Early this morning, NASA launched the Orbiting Carbon Observatory (OCO-2), a new science satellite that will measure Earth's output and uptake of carbon dioxide—the leading greenhouse gas responsible for climate change.
A study published recently in the journal Nature contends that increased carbon dioxide in the atmosphere will decrease the amount of zinc and iron in certain staple crops like wheat, rice, and soybeans.
Today, delivering on an important part of the President’s Climate Action Plan, the White House released a strategy to cut methane emissions. The strategy summarizes the sources of methane emissions, commits to new steps to cut emissions of this potent greenhouse gas, and outlines the Administration’s efforts to improve the measurement of methane emissions.
The U.S. Strategic Plan for Federal Research and Monitoring of Ocean Acidification, released on March 27th, will guide research and monitoring investments to improve understanding of ocean acidification, its potential impacts on marine species and ecosystems, and adaptation and mitigation strategies.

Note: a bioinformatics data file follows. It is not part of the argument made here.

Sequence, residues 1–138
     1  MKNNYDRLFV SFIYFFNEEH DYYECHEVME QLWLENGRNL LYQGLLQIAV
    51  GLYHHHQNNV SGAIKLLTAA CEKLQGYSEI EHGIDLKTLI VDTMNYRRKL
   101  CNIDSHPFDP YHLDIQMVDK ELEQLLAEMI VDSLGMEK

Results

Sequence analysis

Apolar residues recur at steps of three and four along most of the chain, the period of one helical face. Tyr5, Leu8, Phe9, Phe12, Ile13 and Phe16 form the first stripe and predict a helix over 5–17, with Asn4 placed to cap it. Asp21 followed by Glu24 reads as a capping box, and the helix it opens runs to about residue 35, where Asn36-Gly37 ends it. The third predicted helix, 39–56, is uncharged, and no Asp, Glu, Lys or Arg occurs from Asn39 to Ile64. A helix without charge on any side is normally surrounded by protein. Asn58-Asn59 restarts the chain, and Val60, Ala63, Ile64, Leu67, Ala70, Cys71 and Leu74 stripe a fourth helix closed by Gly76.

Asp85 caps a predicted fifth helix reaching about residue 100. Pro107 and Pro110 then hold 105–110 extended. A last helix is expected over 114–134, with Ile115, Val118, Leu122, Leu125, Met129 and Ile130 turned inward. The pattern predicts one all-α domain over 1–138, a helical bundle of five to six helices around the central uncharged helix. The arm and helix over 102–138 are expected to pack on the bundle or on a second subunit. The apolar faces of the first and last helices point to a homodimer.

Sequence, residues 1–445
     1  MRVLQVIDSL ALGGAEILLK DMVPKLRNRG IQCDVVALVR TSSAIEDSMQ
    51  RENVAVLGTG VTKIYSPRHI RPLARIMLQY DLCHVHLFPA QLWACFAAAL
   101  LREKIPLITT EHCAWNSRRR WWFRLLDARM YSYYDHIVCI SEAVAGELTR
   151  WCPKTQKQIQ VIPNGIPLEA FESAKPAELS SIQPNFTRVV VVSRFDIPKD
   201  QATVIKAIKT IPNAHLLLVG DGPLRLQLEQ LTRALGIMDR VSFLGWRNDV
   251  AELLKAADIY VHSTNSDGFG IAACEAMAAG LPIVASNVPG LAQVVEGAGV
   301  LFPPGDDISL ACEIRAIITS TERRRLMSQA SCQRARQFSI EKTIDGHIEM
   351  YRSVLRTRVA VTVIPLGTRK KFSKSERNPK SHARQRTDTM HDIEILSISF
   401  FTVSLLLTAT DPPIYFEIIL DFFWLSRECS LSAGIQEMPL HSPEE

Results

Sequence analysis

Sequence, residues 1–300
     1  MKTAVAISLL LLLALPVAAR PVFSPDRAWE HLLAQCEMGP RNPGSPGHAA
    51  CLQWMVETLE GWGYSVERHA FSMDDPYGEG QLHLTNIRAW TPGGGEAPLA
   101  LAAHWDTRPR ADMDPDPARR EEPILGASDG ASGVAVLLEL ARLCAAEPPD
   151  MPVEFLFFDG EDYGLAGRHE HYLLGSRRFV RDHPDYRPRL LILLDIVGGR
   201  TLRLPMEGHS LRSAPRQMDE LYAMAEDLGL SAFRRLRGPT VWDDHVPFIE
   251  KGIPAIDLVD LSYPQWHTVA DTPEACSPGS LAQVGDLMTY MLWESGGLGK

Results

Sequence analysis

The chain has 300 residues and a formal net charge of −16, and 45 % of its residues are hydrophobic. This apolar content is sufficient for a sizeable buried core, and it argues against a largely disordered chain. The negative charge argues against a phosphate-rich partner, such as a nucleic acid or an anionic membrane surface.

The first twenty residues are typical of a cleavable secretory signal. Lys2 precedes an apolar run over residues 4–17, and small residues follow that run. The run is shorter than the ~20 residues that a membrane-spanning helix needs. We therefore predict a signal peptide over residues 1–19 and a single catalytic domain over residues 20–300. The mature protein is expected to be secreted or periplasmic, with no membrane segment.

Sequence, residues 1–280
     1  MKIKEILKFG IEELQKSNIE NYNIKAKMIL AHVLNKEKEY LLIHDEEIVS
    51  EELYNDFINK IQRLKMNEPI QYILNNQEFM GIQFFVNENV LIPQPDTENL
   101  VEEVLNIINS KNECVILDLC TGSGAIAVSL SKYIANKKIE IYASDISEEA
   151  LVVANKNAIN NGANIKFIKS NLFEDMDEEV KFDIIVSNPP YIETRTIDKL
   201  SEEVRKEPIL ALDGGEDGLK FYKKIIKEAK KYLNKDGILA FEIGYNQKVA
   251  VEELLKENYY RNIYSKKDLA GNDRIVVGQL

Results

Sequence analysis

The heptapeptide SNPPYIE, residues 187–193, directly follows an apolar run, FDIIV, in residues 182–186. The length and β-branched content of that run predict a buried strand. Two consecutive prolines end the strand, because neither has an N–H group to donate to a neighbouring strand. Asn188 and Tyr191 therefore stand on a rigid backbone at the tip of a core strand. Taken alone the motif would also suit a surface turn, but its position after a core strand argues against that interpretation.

Two recently released animated NASA visualizations developed to support the forthcoming third US National Climate Assessment show projections of Earths temperature and precipitation patterns from today through the year 2100, revealing how low versus high emission scenarios would impact the planets climate.
NASA's Carbon in Arctic Reservoirs Vulnerability Experiment (CARVE) is probing deep into the frozen lands above the Arctic Circle in Alaska to measure emissions of the greenhouse gases carbon dioxide and methane from thawing permafrost signals that may hold a key to Earth's climate future.
On May 9, 2013, the daily mean concentration of carbon dioxide in the atmosphere surpassed 400 parts per million (ppm) for the first time since measurements began in 1958 at Mauna Loa Observatory in Hawaii.
This week, the Environmental Protection Agency (EPA) posted the second year of greenhouse gas emissions data gathered through the Greenhouse Gas Reporting Program (GHGRP).
A new EPA report brings together data from multiple public and peer-reviewed datasets to show observed changes over time in 26 indicators of climate change – including measures of greenhouse gases, high and low temperatures, heavy rainfall, snowfall, pollen season and sea level rise.
The concentration of carbon dioxide in the atmosphere of Barrow, Alaska, reached 400 parts per million (ppm) this spring, according to NOAA measurements, the first time a monthly average measurement for the greenhouse gas attained the 400 ppm mark in a remote location.